Seven arrested over 'plot to blow up Sears Tower'

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The Independent US

The American authorities have uncovered what they claim is a plot by seven homegrown terrorists to blow up the Sears Tower in Chicago and a federal building in Miami as part of an al-Qa'ida-inspired mission to "wage war against the United States government".

The seven men - five American citizens along with two Haitians, one in the US legally, the other illegally - were arrested yesterday and on Thursday, at a Miami warehouse and in Atlanta, Georgia.

"They were persons who for whatever reason came to view their home country as the enemy," Alberto Gonzales, the US Attorney General, said.

According to the indictment made public yesterday, the seven, aged from 22 to 32, had taken an oath of allegiance to al-Qa'ida and had sought help from the terrorist organisation headed by Osama bin Laden. They were discovered when they approached someone they believed was an al-Qa'ida operative, but who was a federal undercover informant.

The ringleader of the group was named as Narseal Batiste, who from November 2005 recruited and trained the others for a series of attacks, including one on the 103-storey Sears Tower, the tallest building in the US. All the accused were black men. The Miami residents came from one of the poorest parts of the city.

On several occasions in December last year, the indictment said, Mr Batiste met a person claiming to be a member of al-Qa'ida, and asked for boots, uniforms, machine guns and radios, as well as $50,000 (£27,500) in cash. The aim was to create an "Islamic army to wage jihad" against the US. Mr Batiste apparently said he would send his "soldiers" to blow up the Sears tower, as well as the FBI building in North Miami Beach.

In fact, according to Mr Gonzales, "the individual they thought was a member of al-Qa'ida was in actuality working with the South Florida Terrorism Task Force". This person was told by Mr Batiste that the newly formed group wanted to "kill all the devils we can", in a mission that would be "just as good or greater than 9/11".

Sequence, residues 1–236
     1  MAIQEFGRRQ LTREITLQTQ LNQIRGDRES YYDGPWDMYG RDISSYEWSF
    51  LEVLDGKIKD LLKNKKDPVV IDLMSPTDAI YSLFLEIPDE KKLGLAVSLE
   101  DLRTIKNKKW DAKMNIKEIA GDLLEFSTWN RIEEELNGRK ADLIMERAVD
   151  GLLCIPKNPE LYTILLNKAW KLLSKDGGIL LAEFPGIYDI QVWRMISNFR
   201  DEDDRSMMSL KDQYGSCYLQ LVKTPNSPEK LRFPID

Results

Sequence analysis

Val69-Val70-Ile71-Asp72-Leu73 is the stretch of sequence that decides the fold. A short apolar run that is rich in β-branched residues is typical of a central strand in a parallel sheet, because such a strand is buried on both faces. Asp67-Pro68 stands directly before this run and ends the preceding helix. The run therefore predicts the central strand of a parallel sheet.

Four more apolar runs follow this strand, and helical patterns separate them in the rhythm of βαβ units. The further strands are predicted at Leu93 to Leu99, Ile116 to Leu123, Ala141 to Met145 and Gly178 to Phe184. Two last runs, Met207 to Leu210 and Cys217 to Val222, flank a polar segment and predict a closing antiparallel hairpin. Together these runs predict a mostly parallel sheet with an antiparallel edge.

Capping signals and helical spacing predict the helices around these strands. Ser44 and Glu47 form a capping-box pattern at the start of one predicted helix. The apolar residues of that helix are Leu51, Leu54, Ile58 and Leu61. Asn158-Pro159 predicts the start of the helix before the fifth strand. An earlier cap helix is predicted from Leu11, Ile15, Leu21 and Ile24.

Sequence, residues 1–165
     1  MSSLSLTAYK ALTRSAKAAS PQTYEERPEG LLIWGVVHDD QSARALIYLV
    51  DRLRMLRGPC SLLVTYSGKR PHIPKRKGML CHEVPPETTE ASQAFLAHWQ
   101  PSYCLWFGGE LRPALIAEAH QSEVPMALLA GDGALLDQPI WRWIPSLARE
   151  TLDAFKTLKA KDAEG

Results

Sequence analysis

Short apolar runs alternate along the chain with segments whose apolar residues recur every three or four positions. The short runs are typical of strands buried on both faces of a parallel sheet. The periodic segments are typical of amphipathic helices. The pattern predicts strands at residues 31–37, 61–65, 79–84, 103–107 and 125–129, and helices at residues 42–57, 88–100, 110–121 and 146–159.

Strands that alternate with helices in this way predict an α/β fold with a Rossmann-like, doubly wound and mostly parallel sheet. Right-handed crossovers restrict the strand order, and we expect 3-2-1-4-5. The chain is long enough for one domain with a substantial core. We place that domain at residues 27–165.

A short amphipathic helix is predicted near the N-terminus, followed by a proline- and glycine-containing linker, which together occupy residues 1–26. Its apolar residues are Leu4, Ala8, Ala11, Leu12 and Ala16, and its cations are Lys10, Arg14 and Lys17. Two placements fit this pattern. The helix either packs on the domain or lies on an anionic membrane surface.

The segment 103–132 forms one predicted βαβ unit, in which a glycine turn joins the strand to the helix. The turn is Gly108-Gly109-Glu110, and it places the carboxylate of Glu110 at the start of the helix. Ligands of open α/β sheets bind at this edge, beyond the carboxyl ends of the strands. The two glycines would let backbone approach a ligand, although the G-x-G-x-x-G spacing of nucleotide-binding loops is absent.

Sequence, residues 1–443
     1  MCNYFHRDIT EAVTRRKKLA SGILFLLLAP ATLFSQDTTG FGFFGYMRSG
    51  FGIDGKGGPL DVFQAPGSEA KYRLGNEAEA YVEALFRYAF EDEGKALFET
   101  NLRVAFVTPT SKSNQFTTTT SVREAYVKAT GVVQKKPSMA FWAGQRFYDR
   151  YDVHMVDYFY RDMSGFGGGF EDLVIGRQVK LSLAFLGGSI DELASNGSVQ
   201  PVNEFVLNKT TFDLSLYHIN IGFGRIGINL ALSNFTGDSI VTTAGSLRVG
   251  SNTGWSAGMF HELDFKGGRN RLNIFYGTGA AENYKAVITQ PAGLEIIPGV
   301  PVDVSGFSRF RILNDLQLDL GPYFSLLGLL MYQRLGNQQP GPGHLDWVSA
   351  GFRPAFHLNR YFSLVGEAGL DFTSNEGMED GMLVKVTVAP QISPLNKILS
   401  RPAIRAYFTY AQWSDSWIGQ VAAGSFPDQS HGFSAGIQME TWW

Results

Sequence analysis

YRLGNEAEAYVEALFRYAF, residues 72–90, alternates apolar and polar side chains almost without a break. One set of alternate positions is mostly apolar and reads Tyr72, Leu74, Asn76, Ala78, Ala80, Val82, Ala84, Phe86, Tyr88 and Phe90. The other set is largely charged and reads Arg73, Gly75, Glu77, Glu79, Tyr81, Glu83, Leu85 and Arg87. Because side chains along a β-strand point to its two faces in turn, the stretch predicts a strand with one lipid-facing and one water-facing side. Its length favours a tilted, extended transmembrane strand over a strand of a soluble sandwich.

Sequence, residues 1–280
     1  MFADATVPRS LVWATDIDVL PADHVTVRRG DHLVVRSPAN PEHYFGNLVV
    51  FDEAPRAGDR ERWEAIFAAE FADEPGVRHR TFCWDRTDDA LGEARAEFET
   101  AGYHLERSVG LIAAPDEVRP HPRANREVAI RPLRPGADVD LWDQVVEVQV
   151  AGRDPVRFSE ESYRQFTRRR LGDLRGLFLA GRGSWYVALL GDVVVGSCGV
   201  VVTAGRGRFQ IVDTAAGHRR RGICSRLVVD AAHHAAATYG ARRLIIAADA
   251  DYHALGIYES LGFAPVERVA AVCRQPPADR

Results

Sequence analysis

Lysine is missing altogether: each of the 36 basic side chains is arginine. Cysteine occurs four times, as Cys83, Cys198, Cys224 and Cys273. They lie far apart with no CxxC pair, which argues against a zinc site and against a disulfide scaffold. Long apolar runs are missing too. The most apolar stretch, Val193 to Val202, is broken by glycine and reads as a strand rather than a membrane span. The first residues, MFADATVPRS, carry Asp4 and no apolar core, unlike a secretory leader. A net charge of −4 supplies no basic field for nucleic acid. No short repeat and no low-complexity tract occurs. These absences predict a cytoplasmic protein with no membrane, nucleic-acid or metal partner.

The plot appears to have been nipped in the bud, and US officials stressed there was no imminent threat. But the affair has kindled fresh alarm here that the main domestic terrorist threat to the US lies not in sleeper cells of foreign al-Qa'ida operatives, but with US-born radicals.

"The convergence of globalisation and technology has created a new brand of terrorism," Mr Gonzales said. This new brand is increasingly decentralised, amorphous and - as in the case of the attacks in London in July 2005 - involving not foreigners but citizens of the country where the attack took place. "Left unchecked," Mr Gonzales added, "these homegrown terrorists may prove to be as dangerous as al-Qa'ida."

The arrest also follow the unmasking of a terrorist plot in Toronto last month, in which Canadian security forces arrested 17 people accused of planning attacks against targets in Ontario province. They had stockpiled three times more explosive than was used in the Oklahoma City bombing that killed 168 people in April 1995, the deadliest incident yet of homegrown terrorismin the US.

"These extremists are self-recruited, self-trained and self-executing," Robert Mueller, the FBI's director, said in a speech in Cleveland. "They operate under the radar screen, often it starts with individuals who are frustrated and dissatisfied." It was unclear last night just how serious the threat was. In Chicago, for workers at the Sears building, it was business as usual, while relatives of those arrested were incredulous that the men could be involved in such an enterprise.

"This boy he's not a violent boy, he never got into trouble," said Joseph Phanor, the father of Stanley Gerant Phanor, one of the accused. He said he didn't believe "anything they say about" his son's alleged involvement in a terrorist plot.